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Until recently overshadowed in Western societies by the four other tastes — salty, sweet, sour, and bitter — umami is the complex, hard-to-put-your-finger-on-it, delicious fifth taste.

As a concept, umami originated in Japan, where it’s subliminally informed their cuisine for centuries if not millennia, but it wasn’t until 1908 when “umami” was explicitly identified by a scientist in Tokyo. Since the 21st century, diners in the US have slowly become more familiar with umami and have become more adept at understanding its contributions to how we experience food. 
Over the decades since 1908, scientists uncovered that this flavor is associated with a combination of glutamates and nucleotides, but that’s hardly how humans experience it. It’s difficult if not impossible to precisely describe umami with words, but our closest approximation might be “savory.” Umami is rich, deep, complex, and meaty, and then some.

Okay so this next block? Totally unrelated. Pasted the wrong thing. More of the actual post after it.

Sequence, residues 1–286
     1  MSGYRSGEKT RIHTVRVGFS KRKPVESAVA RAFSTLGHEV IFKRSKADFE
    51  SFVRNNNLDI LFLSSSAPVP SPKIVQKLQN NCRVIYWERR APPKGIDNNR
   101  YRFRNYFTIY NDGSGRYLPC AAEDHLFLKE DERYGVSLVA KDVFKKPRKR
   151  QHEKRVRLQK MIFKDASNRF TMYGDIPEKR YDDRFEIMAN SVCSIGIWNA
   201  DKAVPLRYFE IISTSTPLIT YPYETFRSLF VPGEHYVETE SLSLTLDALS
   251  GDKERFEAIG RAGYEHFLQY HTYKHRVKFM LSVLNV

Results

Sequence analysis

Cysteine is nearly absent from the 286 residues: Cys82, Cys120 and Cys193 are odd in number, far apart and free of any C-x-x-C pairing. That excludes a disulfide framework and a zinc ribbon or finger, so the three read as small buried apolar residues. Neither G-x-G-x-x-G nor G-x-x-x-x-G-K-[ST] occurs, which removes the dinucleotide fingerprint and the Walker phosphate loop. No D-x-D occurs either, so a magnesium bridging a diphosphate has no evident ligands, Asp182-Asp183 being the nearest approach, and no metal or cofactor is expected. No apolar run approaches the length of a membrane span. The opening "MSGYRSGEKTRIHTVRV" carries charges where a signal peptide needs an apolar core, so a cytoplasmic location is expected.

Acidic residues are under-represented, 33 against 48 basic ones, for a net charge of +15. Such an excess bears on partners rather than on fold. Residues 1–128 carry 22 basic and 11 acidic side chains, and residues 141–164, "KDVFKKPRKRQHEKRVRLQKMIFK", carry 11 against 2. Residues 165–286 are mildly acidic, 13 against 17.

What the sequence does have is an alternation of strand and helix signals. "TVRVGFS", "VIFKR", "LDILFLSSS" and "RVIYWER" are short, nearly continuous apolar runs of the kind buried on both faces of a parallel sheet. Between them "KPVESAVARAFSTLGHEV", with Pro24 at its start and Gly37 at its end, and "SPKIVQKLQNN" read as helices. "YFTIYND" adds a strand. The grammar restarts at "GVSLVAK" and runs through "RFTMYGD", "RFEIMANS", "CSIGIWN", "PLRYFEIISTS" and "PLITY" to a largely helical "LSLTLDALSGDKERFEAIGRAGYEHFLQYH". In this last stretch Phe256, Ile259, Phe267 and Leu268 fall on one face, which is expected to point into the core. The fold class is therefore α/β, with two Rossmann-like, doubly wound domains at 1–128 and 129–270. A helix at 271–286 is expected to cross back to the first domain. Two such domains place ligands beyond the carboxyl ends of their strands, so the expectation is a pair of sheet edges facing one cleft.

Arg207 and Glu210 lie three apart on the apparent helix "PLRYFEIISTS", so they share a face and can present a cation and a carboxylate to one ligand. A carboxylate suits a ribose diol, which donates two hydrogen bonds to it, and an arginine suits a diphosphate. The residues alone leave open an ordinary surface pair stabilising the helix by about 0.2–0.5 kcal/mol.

This concept is a pillar of Japanese cuisine. In turn, when we think of dishes rich in umami, many if not most of the most iconic are from Japan. 
Foods that are exceptionally umami forward include mushrooms, beef, soy sauce, seafood, seaweed, tomatoes, miso, cheese (especially sharper ones like blue and parmesan), cured and fermented foods… the list goes on. Some of the most shining examples of umami are dashi and ramen broths. 
While everyone’s taste is different, we figure umami’s extreme deliciousness might just be the one taste that unites us all.